Next let’s talk about how things are done at Google.
As expected of the engineering-driven culture at Google, the toolchain for working in the main Google source tree is pretty heavily developed.
Infrastructure at Google is actually quite interesting too. Having to deal with a lot of machines also equates to having a good amount of tools to deal with them as well.
In addition to being known for engineering prowess, Google is also known for being an interesting place to work.
I’m definitely going to miss working at Google (and not just for the free food!).
There are a few things that I did find irritating while working at Google though. Here are some.
Overall, Google has been great to me this summer, and I really think I would enjoy working there in the future (provided this post doesn’t disqualify me, oops).
I’ve found that in the short time I’ve been in graduate school, I’ve had to listen to a lot of presentations. I’m not saying I can give a good presentation, but I can surely tell you what makes a bad one. Here’s a foolproof way to make sure your presentation is just as bad as many I’ve listened to already.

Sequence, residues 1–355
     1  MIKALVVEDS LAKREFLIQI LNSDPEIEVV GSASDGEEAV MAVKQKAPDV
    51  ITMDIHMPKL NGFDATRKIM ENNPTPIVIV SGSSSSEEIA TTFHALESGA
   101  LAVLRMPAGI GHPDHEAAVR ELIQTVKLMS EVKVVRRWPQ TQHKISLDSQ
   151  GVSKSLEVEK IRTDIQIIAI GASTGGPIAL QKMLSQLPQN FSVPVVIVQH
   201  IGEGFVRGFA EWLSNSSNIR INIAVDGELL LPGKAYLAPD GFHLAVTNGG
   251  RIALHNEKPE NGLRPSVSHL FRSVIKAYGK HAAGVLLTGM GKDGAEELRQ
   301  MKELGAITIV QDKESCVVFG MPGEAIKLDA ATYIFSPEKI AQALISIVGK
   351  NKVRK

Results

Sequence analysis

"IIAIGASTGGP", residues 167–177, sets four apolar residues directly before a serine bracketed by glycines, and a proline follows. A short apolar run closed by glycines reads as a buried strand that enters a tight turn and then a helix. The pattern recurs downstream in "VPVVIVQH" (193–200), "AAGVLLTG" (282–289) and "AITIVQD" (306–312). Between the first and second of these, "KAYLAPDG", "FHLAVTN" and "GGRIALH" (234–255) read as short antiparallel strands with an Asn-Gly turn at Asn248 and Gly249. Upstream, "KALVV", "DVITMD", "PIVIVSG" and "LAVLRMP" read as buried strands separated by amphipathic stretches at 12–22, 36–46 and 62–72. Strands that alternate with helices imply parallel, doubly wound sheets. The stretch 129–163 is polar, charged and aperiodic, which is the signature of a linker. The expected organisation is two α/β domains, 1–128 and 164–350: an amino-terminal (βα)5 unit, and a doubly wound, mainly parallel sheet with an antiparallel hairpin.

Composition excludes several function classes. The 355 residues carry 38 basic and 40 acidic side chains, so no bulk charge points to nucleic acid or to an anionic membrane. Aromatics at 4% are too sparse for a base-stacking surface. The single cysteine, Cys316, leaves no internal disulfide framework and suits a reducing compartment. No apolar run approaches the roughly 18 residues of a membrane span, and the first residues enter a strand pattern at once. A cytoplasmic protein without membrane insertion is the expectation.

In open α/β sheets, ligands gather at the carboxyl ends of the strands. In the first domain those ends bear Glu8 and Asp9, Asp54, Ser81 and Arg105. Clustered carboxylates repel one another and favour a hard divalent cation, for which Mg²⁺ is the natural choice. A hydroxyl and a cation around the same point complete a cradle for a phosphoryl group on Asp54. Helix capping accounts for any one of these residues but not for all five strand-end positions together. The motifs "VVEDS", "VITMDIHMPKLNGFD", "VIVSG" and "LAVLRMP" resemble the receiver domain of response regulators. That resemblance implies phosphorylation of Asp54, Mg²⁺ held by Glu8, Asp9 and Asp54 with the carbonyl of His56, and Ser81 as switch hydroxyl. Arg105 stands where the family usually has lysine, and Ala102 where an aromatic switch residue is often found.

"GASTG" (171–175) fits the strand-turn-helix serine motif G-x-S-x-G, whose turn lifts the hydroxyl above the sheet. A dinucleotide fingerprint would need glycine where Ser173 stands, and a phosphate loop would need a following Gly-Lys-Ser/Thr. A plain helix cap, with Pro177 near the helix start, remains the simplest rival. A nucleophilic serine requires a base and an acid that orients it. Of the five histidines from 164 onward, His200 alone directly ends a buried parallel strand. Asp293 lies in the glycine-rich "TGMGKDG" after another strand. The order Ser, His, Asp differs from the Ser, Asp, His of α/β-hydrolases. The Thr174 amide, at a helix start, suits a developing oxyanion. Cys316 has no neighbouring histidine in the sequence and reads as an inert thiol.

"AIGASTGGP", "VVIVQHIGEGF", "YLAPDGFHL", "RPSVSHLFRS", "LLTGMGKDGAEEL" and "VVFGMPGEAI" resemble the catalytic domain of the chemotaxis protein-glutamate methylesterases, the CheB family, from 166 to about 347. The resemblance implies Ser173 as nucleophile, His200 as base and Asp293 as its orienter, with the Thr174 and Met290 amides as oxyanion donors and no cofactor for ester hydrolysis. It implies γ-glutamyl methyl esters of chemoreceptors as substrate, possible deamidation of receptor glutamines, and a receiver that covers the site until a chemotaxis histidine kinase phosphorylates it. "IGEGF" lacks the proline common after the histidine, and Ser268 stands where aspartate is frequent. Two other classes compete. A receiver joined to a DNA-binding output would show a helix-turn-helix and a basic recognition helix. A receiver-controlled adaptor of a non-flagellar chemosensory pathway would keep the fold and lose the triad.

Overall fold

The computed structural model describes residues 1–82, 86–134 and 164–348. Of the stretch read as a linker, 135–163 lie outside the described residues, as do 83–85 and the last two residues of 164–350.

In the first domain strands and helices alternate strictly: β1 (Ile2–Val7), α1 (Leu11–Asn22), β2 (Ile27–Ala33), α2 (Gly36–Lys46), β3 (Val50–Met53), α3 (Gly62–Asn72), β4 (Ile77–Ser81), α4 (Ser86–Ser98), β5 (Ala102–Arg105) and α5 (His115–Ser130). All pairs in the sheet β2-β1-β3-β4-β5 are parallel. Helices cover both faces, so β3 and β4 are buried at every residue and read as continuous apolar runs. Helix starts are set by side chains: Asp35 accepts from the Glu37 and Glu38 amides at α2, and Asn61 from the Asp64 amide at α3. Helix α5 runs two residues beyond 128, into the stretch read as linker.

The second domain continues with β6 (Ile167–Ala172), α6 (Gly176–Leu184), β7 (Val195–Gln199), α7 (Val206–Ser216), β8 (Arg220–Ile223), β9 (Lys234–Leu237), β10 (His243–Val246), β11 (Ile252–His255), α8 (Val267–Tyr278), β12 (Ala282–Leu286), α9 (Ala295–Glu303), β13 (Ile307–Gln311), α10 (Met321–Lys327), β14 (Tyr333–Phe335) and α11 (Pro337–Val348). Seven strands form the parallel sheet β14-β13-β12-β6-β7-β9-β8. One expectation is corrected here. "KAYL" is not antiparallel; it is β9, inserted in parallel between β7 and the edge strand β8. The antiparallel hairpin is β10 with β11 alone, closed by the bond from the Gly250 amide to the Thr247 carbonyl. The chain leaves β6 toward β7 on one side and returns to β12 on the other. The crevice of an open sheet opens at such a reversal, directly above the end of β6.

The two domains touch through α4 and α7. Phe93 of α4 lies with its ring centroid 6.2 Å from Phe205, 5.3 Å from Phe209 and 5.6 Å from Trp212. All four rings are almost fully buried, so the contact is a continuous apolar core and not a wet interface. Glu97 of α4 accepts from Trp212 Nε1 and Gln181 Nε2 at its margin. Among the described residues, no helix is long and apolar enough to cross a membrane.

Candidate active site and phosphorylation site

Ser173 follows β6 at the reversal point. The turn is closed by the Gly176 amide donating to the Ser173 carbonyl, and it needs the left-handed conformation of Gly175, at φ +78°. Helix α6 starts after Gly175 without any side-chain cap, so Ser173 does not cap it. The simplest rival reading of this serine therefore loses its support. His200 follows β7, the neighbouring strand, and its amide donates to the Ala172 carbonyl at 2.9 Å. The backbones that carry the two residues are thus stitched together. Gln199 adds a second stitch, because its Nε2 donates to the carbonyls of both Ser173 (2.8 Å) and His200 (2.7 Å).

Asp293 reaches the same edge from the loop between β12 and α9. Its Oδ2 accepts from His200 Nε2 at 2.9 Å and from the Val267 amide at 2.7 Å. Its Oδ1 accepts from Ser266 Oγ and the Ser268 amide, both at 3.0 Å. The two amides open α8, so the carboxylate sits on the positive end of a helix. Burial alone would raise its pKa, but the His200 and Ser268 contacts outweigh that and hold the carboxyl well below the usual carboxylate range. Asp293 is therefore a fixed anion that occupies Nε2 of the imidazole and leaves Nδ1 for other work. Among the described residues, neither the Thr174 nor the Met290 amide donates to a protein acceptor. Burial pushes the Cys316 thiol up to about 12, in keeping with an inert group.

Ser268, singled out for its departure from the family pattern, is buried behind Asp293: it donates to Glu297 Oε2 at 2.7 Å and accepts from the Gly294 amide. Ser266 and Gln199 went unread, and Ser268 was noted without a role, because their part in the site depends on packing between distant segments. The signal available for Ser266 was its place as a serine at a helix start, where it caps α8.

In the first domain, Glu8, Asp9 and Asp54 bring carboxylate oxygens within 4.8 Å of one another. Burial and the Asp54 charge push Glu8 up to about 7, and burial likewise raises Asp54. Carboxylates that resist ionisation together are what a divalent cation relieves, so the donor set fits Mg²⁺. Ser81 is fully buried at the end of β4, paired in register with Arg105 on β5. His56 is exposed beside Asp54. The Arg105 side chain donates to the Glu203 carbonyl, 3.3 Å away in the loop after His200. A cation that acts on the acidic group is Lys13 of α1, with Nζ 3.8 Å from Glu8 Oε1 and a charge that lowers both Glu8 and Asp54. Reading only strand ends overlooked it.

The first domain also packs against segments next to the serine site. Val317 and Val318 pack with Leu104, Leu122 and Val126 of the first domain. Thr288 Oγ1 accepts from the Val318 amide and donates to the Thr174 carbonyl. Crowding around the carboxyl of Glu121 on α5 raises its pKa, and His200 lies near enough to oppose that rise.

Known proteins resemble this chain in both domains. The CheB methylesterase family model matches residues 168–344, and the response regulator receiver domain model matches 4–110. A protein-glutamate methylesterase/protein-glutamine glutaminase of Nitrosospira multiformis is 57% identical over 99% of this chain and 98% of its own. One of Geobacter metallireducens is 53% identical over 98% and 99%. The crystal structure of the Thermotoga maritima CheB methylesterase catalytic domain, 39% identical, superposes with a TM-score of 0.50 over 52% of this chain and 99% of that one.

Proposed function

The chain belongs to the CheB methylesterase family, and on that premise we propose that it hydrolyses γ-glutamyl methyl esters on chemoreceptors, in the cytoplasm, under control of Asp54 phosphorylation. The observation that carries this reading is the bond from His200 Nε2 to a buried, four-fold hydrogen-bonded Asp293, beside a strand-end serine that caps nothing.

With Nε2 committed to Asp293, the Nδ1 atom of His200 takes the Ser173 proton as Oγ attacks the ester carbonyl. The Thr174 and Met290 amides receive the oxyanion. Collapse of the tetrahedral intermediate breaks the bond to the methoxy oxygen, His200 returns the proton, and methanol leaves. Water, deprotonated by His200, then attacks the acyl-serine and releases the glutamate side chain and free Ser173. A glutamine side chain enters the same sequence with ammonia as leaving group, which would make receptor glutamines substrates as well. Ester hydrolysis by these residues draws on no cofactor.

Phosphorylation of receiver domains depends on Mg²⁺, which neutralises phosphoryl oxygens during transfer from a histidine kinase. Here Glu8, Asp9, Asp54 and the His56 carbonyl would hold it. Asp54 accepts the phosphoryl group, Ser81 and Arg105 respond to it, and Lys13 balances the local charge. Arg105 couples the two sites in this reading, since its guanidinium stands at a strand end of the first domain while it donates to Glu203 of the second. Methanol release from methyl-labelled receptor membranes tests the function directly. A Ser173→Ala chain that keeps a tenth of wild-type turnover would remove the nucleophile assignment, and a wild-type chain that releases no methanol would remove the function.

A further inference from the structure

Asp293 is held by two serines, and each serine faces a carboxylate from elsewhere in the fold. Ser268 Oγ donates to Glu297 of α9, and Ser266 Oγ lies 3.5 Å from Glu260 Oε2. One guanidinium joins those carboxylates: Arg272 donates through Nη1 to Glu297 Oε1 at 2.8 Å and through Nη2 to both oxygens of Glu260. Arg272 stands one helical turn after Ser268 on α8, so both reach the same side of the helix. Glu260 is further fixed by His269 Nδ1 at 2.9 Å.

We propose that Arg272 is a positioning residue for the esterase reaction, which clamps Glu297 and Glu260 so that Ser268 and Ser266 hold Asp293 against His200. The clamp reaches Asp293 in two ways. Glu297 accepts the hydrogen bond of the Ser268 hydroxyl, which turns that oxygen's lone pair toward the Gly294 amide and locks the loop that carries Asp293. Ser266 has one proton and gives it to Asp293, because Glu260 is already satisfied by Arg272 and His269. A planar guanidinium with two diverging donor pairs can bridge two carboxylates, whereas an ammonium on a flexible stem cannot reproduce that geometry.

Step 1: Read off the slides
This one is pretty obvious, but it’s amazing how many presentations still do it. Everyone can read for themselves, the audience doesn’t need you to read for them.
Step 2: Speak very quickly
This one is bad too, especially if you are giving a talk in a language that is not your native language. It is difficult to keep pace if you can’t figure out what is being said.
Step 3: Go over every possible detail
I’ve seen this happen quite a lot when presenters go over code and feel the need to go line by line, variable by variable. I think this is very similar to the COMMENT EVERYTHING mentality of people as they learn to program. It suffices to go over the tricky bits only, or just ask for questions on the code from the audience, I’ve rarely seen an audience fail to ask questions about code.
Step 4: Talk about how unprepared you are
Just don’t do it. So very unprofessional.
Step 5: Argue/chat with your co-presenters
Save it for after the presentation.